Personality Disorders and States of Aloneness.
McGraw, John G.
Amsterdam/New York, NY, 2012, XIV, 378 pp.
Intimacy and Aloneness. A Multi-Volume Study in Philosophical Psychology. Volume Two.
Value Inquiry Book Series 246
Philosophy and Psychology
This book is the second volume of an interdisciplinary study, chiefly one of philosophy and psychology, which concerns personality, especially the abnormal in terms of states of aloneness, primarily that of the negative emotional isolation customarily known as loneliness. Other states of aloneness investigated include solitude, reclusiveness, seclusion, desolation, isolation, and what the author terms “aloneliness,” “alonism,” “lonism,” and “lonerism.”
Insofar as this study most explicitly focuses on abnormal personalities, it employs the general and specific definitions of personality aberrations as formulated by the American Psychiatric Association in its latest edition of the Diagnostic and Statistical Manual of Mental Disorders (DSM-IV). The author views personality as preeminently comprised of the individual's interpersonal relationships. Unlike the DSM-IV, he proposes that people with personality disorders not only possibly but necessarily manifest deviancy regarding interpersonal functioning via serious shortcomings in shared inwardness, paramountly reciprocated intimacy.
This work also engages in an analysis of five social factors that are conducive to predisposing, precipitating, and maintaining negative kinds of personality and aloneness. The author has formed these factors into an acronym titled SCRAM since when they are present, intimacy scurries away and in its absence, loneliness and other sorts of unwanted aloneness scamper in and fill the person with unhappiness via, for instance, sadness and self-worthlessness. The constituents of SCRAM are the following social illnesses: Successitis (for example, the fixation on fame and fortune), Capitalitis (greed-driven, unfettered capitalism), Rivalitis (competitivitis), Atomitis (hyper-individualism), and Materialitis (for example, the anti-spirituality of consumeritis).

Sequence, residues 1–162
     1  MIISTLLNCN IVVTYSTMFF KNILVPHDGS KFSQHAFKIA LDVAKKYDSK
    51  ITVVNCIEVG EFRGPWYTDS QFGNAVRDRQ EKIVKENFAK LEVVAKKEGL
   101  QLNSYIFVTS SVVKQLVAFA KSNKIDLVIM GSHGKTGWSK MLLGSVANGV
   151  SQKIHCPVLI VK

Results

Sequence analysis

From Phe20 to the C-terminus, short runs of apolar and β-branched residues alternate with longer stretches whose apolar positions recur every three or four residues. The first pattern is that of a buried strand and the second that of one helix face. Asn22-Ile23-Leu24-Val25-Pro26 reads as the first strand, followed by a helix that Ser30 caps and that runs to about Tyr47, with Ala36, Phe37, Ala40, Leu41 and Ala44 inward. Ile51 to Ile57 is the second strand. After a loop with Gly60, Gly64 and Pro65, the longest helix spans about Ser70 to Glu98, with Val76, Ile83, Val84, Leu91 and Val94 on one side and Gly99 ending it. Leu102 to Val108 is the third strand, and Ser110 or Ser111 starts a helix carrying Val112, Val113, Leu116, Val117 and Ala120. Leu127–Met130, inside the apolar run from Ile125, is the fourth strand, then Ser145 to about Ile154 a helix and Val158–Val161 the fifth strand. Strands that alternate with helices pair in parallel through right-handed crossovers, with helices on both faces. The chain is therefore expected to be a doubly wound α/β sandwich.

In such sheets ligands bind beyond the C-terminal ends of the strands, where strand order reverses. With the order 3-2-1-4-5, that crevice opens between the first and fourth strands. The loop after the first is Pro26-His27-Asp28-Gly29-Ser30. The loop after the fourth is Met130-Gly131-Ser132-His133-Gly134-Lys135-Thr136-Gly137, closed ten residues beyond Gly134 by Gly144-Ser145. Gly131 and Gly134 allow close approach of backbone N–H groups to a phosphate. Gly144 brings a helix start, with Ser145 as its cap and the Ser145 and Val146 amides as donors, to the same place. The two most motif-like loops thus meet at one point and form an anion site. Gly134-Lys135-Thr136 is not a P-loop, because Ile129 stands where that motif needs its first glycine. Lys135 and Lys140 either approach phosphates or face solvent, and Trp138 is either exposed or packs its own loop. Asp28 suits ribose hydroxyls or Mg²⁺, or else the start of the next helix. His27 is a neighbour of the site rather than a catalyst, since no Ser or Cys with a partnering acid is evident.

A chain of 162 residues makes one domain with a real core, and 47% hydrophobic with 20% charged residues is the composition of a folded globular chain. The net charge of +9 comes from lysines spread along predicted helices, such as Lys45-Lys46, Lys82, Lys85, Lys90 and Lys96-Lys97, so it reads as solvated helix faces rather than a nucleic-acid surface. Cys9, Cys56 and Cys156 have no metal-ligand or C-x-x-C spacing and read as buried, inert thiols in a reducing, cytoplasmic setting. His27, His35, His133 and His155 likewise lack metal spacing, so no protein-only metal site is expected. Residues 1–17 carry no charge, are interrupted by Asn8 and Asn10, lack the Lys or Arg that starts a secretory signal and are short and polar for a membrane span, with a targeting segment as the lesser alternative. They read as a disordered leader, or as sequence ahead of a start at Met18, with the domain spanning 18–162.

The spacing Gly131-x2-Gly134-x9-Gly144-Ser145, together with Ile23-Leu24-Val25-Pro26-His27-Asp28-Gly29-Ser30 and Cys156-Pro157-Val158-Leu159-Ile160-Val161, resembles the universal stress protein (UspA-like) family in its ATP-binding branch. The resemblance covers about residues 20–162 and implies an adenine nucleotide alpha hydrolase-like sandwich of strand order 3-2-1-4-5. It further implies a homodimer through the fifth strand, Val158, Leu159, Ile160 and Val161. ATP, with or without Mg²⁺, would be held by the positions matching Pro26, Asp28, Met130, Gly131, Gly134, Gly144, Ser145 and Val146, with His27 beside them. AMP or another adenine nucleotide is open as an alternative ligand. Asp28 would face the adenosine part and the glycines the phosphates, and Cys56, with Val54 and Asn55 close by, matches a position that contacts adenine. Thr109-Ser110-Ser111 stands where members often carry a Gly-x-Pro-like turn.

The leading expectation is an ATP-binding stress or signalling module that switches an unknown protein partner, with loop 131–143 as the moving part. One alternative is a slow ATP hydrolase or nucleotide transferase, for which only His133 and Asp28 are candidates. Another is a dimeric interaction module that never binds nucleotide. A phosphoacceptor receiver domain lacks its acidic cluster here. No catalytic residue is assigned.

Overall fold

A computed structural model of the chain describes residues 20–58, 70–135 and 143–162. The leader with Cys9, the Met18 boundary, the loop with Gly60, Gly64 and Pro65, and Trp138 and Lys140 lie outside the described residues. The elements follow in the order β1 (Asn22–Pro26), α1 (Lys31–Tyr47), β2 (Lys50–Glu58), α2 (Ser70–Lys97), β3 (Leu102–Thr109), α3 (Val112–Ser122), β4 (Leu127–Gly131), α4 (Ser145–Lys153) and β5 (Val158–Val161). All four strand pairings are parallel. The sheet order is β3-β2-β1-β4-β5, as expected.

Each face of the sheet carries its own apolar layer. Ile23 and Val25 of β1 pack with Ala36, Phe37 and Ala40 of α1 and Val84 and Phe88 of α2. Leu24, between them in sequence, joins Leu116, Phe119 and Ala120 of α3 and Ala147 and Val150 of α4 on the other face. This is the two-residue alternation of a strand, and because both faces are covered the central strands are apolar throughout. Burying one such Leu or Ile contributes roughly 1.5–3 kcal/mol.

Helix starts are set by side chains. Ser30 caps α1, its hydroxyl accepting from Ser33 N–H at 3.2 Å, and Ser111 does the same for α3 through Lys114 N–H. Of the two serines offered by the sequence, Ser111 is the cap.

In sum, this book provides a different perspective on personality via the lenses of various types of aloneness and their lack of public and private intimacy, especially love.
Mark Letteri: Editorial Foreword
The Aloneness of Solipsism
Personality: Its Nature and Number
Personality: Its Disorders
Personality Pathologies: Failures in Intimate Relatedness
Personality Disorder Divisions
Personality Disorders, Neuroticism, and Loneliness
Personality Constituents: Choice, Compellment, and Chance
Amenability to Personality Change: Theories, Therapies, and Therapists
Appendix A: SCRAM: Five American Social Illnesses
Appendix B: Five Factor Model of Personality (FFM)
Appendix C: DSM-IV Personality Disorders
About the Author